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Zhongwei Zhi, Jennifer R. Chao, Tomasz Wietecha, Kelly L. Hudkins, Charles E. Alpers, Ruikang K. Wang; Noninvasive Imaging of Retinal Morphology and Microvasculature in Obese Mice Using Optical Coherence Tomography and Optical Microangiography. Invest. Ophthalmol. Vis. Sci. 2014;55(2):1024-1030. doi: 10.1167/iovs.13-12864.
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To evaluate early diabetes-induced changes in retinal thickness and microvasculature in a type 2 diabetic mouse model by using optical coherence tomography (OCT)/optical microangiography (OMAG).
Twenty-two-week-old obese (OB) BTBR mice (n = 10) and wild-type (WT) control mice (n = 10) were imaged. Three-dimensional (3D) data volumes were captured with spectral domain OCT using an ultrahigh-sensitive OMAG scanning protocol for 3D volumetric angiography of the retina and dense A-scan protocol for measurement of the total retinal blood flow (RBF) rate. The thicknesses of the nerve fiber layer (NFL) and that of the NFL to the inner plexiform layer (IPL) were measured and compared between OB and WT mice. The linear capillary densities within intermediate and deep capillary layers were determined by the number of capillaries crossing a 500-μm line. The RBF rate was evaluated using an en face Doppler approach. These quantitative measurements were compared between OB and WT mice.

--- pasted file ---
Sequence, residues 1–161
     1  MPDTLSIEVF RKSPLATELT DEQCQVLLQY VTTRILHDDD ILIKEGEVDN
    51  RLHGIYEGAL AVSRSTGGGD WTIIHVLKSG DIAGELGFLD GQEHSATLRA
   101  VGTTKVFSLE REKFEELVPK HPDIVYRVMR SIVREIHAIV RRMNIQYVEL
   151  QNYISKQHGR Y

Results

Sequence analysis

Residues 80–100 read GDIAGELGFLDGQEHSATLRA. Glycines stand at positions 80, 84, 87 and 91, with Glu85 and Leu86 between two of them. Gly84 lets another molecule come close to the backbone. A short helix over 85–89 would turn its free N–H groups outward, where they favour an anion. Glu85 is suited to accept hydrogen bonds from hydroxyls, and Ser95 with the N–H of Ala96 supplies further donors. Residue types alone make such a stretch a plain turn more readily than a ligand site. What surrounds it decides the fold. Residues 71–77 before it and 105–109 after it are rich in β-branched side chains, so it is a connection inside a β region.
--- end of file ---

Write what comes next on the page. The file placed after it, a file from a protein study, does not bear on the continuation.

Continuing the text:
The retinal thickness of the NFL to IPL was significantly reduced in OB mice (P < 0.01) compared to that in WT mice, whereas the NFL thickness between the two was unchanged. 3D depth-resolved OMAG angiography revealed the first in vivo 3D model of mouse retinal microcirculation. Although no obvious differences in capillary vessel densities of the intermediate and deep capillary layers were detected between normal and OB mice, the total RBF rate was significantly lower (P < 0.05) in OB mice than in WT mice.
We conclude that OB BTBR mice have significantly reduced NFL–IPL thicknesses and total RBF rates compared with those of WT mice, as imaged by OCT/OMAG. OMAG provides an unprecedented capability for high-resolution depth-resolved imaging of mouse retinal vessels and blood flow that may play a pivotal role in providing a noninvasive method for detecting early microvascular changes in patients with diabetic retinopathy.
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